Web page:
Legendary guitarist Richard Thompson has composed a stunning score for a film honoring World War II fighter pilots and, to my surprise, there's not a lot of guitar playing on it. Today we're premiering that entire score. The film by Erik Nelson is called The Cold Blue and will be released Thursday, May 23, along with Thompson's score, in time for the Memorial Day weekend.
In 1943 William Wyler filmed the original fighter footage used in The Cold Blue for his film The Memphis Belle: A Story of a Flying Fortress. Wyler flew combat missions in B-17 bombers over Europe and tragically lost a cameraman over France on one of those missions. The Erik Nelson film contains recent interviews with nine of the surviving B-17 crew members.
Richard Thompson has done other, more guitar-based scores for Erik Nelson films. But when he was approached to write music to this film, Richard Thompson felt that The Cold Blue "needed a chamber orchestra to cover the many emotions that the film evokes." In an extensive email sent my way he says:
"Much of the footage has voice-over — the veterans of the Eighth Air Force describing the bombing runs over Germany and life on the ground between missions — and B17s variously taking off, landing and cruising. All of this required, to my mind, underscoring; and being left largely to my own devices by Erik, I wrote almost wall-to-wall music [then] we removed what was superfluous. Scoring under speech was less of an issue than competing with the noise of the aircraft; I had to be sensitive to the droning of the engines being in (or close to) certain musical keys, and cues were written from this basis sometimes.
"The small orchestra consisted of four French horns, string quartet, double bass, oboe, clarinet, harmonica, and percussion. Thanks to some fine conducting by Peter Askim, wonderful engineering by Shin Miyazawa, and the great acoustics and live echo chamber at Capitol Studios, the ensemble frequently sounds much bigger. Using only five strings instead of the usual, large Hollywood string section was initially a budget consideration, but I quickly preferred the intimacy and the raw sense of emotion that comes with less.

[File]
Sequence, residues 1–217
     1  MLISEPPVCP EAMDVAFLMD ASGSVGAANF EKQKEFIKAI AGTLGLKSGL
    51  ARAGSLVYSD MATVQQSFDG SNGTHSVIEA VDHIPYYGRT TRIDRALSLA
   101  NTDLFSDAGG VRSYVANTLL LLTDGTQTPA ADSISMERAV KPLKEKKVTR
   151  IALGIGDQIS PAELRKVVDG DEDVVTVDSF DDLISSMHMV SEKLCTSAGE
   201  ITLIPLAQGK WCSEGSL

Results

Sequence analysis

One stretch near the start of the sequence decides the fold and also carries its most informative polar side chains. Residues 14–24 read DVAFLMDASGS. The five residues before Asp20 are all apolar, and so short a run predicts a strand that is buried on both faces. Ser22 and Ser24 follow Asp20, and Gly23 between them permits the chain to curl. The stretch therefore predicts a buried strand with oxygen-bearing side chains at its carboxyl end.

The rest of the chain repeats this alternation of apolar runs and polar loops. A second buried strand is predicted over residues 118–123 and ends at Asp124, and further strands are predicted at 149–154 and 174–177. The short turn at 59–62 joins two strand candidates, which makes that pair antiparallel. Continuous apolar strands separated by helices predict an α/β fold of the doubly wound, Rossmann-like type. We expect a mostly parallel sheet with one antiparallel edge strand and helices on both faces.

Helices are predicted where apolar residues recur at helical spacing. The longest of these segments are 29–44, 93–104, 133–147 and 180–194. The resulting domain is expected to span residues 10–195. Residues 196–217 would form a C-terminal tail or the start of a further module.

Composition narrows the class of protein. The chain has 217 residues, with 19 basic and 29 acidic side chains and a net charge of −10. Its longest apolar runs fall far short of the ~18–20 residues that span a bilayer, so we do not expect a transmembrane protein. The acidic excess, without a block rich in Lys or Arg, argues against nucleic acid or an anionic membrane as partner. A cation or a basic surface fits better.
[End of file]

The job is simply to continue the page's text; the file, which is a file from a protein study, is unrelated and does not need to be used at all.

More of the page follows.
"I felt it was important musically to emphasize patriotism, sacrifice, danger, and an almost permanent feeling of unease — hence a lot of discordant elements in the score. Erik wanted a contrast in sound for the last sequences, where the footage is contemporary, and we are in the homes of the nonagenarian narrators, and so we used just guitar and harmonica for these.
"The music is just one element of the sound on the film. If you consider that all the footage was shot by William Wyler and his team with no sound whatsoever, you appreciate the fastidious reconstruction of the soundtrack and the extraordinary sound design by David Hughes. Every burst of 'ack-ack,' every empty shell case landing on the floor of the plane, every whine of the Pratt and Whitney engines, all contribute to the emotion of the moment, and it is always the role of the music to push those emotions a little further."
The soundtrack for The Cold Blue is available May 23 on New West Records.
A special one-day screening of the film will take place in 750 theaters across the country in honor of Memorial Day on May 23.